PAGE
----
I can corroborate the quote in that much of SarbOx and
other recent regs very nearly have a guilty unless proven
innocent quality, that banks (especially) and others are
called upon to prove a negative: X {could,did} not happen.
California SB1386 roughly says the same thing: If you cannot
prove that personal information was not spilled, then you
have to act as if it was.  About twenty states have followed
California's lead.  The surveillance requirements of both
SEC imposed-regulation and NYSE self-regulation seem always
to expand.  One of my (Verdasys) own customers failed a
SarbOx audit (by a big four accounting firm) because it
could not, in advance, *prove* that those who could change
the software (sysadmins) were unable in any way to change
the financial numbers and, in parallel, *prove* those who
could change the financial numbers (CFO & reports) were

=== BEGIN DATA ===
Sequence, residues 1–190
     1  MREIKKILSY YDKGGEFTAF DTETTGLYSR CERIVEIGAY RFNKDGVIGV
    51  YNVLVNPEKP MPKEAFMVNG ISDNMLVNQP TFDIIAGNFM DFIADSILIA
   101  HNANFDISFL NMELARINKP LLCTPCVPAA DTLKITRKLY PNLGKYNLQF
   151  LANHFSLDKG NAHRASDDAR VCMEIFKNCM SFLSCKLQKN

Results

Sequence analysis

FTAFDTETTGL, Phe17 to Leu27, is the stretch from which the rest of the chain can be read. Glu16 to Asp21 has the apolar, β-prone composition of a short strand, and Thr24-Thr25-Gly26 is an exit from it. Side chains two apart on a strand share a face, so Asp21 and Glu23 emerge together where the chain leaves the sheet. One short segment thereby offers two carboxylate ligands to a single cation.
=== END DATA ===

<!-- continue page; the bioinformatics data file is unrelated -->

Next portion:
unable to change the software environment.

my slightly different perspective is that audits in the past have somewhat been looking for inconsistencies from independent sources. this worked in the days of paper books from multiple different corporate sources. my claim with the current reliance on IT technology ... that the audited information can be all generated from a single IT source ... invalidating any assumptions about audits being able to look for inconsistencies from independent sources. A reasonable intelligent hacker could make sure that all the information was consistent.

a counter example is the IRS where individual reported income is correlated with other sources of reported financial information. however, i don't know how that could possibly work in the current environment where the corporation being audited is responsible for paying the auditors (cross checking information across multiple independent sources)

some past posts on the subject

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